Ingle & Tozier, is building a dwell
ing house in the southwestern por
tion of town. More hommers and
saws are going now than at any
time in the history ' of Corvallis.
There couldn't be any more build
ing than there is if the town were
wet, and there never was as much
until it got dry.
Estimates are being made with
a view of putting a new and mod
ern front in the Fisher brick, a pori
tion of which was lately vacated by
Hollenberg & Cady. It is said if
the figures : turn out satisfactory,
the improvement will be made.
The rooms to be improved, are
owned by Miss Clara Fisher, the
Bryant heirs, and other members
of the family.
Mr. and Mrs. Callahan occupy
a cottage at Beaver Creek, and are
to remain there till August 1st.
Mrs. Martha Burnett and Mrs.
Huston returned from there Sun
day, . after a sojourn ' of several
The Willamette lacked but an
inch Monday of being at dead low
water. " Dead low water means the
mark that is as low as it has been
since there has been a record. They
have a gauge at Albany that shows
a mark several inches lower than at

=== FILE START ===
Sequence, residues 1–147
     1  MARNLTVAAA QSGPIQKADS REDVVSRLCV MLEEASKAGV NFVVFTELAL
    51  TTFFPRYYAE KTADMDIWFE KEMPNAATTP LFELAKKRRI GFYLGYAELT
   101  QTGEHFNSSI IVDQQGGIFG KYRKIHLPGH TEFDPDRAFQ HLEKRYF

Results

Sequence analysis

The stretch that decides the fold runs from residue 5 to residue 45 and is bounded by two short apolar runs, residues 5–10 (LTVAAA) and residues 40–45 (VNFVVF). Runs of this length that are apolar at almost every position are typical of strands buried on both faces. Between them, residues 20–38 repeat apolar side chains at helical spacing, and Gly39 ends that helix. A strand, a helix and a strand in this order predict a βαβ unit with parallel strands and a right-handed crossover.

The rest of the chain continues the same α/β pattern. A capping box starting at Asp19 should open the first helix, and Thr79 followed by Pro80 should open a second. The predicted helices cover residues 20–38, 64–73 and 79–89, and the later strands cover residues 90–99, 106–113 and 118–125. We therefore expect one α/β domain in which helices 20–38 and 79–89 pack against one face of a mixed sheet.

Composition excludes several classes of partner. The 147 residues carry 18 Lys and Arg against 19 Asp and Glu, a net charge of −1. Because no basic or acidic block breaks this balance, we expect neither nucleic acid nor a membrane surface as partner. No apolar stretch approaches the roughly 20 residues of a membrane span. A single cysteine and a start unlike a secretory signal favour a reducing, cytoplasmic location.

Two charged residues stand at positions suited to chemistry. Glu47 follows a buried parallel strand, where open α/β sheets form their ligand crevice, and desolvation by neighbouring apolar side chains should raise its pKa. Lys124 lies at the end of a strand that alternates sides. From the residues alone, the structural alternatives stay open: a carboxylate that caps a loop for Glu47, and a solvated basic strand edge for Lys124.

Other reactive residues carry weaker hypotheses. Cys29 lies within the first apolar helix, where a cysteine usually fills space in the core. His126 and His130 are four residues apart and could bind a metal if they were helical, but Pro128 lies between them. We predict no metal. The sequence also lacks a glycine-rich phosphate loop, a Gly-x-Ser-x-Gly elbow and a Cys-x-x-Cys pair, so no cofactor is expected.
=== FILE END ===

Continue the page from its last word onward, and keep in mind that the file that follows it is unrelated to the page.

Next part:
any other point,' which is 'said to
have been the. notch touched in the
summer of 1 861 , ; The government
engineers however, doV hot ' recog
nize it but are guided by the mark
ing at Corvallis, Salem and other
points, all of which agree. The in
dications now are that the river will
get low enough this season to smash
the record and establish a new
marking for low water
Miss Nellie Colby of Indepen
dence is visiting at the home of
Mr j. W. I. Norton.
- E. F. Pernot and family left
Monday to occupy their cottage at
Nye Creek, for the summer.
President Gatch left Saturday
for Colespin, a summer resort in
the Siskiyius mountains.
Gordon V. Skelton and family
accompanied by Miss Leverett
spent Sunday on Rock Creek.
Frank Francisco and family
left Monday for an outing at New
pott. Miss Snell returned Fridav
from the meeting of the Chatauqua
Association at Asnland.
Prof. Covell and family, ac
companied by Eastern guests, left
Saturday to occupy the Nye Creek
cottage for the summer.
Will Abraham is for the pres
ent employed on his father's farm
near Granger. He expects to go to
Eastern Oregon to., work during
-Mrs. B. WJ Johnson is the
guest of her grandmother at Com